12 March 2013
An Analysis of Fences
Many dramas were satires written to make a point to the public or to simply make observations on certain relevant subjects for the time. August Wilson did just that in his drama Fences as he delved into the evolution of black culture during the 1950’s and 1960’s along with the issues concerning African-Americans. Wilson used the setting of these times to show the resulting tolls that could be taken by a person. The story surrounds Troy Maxon as it is told from his point of view. From his perspective, the audience sees his sense of failure and his diminishing relationship with his family. There are reflections of his life in the lives of his children, and his attitudes towards these reflections show how Troy really felt. One can see the regret Troy has with how his life turned out and the resent he has for his family, however, he still feels responsible for the family. The relationships between Troy and his two sons and wife are reflections of Troy’s true self. There is also great symbolism in Troy’s relationships with others and in the fence he is charged with building. Reading into these situations, one can see how these times affected the life of a man and what it meant for others around him.
At first, the audience is introduced to a seemingly happy life, but not soon after, it can be seen that Troy is not quite happy with the way things are. For example, Troy is brave enough to question how the system is set up by making note that there are no black garbage truck drivers. He makes a point in saying that blacks were only allowed to pick up the trash and not drive the trucks. This is not the first time Troy has to deal with such segregation holding him back however, as he dealt with segregation in his baseball career; this failed career is the main reason behind his sense of failure. As a promising player in the African American leagues, Troy was an excellent player in his day. But by the time the baseball leagues were finally desegregated, Troy had aged and was not quite what he used to be. So, due to his age, he was not good enough to make the professional White’s league. Having to settle for a menial job, Troy did not want to experience this again; although by speaking out, Troy took a huge risk seeing as he could have been fired for this. However, this is not enough to save Troy of his failure. The audience can see the inner turmoil and the sense that Troy was not good enough.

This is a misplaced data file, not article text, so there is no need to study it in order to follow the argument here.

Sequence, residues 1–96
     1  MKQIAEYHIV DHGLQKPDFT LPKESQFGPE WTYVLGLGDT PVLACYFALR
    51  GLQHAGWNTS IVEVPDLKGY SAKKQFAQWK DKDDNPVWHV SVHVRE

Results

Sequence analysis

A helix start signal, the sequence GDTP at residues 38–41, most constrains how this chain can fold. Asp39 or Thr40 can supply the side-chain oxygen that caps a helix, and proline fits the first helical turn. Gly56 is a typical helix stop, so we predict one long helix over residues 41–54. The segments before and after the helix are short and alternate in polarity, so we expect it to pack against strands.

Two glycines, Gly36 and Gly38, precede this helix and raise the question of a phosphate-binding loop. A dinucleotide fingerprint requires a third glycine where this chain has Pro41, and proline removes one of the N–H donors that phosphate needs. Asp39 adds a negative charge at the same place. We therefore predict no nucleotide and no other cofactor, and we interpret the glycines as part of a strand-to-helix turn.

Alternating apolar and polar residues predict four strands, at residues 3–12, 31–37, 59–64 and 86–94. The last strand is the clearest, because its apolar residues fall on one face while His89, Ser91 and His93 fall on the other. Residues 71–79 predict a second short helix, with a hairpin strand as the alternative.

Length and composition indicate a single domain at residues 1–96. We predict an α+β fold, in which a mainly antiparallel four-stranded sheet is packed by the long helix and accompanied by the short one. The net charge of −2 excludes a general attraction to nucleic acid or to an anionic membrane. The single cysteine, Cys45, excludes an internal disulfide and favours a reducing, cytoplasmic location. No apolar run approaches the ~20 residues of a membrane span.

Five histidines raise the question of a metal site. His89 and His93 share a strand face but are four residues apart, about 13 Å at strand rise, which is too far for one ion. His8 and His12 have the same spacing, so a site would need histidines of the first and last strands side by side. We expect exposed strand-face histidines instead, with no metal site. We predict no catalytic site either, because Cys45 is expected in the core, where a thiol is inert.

Troy’s sense of failure also plays a huge role in his relationship with his children, as he saw it reflected in their lives. Troy never really had a problem with his oldest son, although the audience can see that Troy was not very loving towards his family, but the reason behind this is how he felt about his son’s life choices. Lyons was in the music career, but he was not very successful. Troy saw the reflection of his failures and did not view his eldest son as better than him, so he had no problem with Lyons. He felt that Lyons would one day accept his failure in music and take a menial job and raise a family just as Troy himself had. From this relationship, the audience can see that Troy did not love his children for who they were, rather he thought of them as how they compared to him.
The relationship between Troy and his younger son Cory was quite different than that of Troy and Lyons. Cory was a football star and had the opportunity to do great things with this talent, had it not been for his father that is. When Troy sees that his son has the opportunity to go to college to play ball, he does not accept it. He will not allow his son to play football, instead he makes him work his job and reject the offers. This stems from Troy’s own failures in sports as he was not good enough to make the league when it was desegregated. He does not want his son to succeed where he failed, and if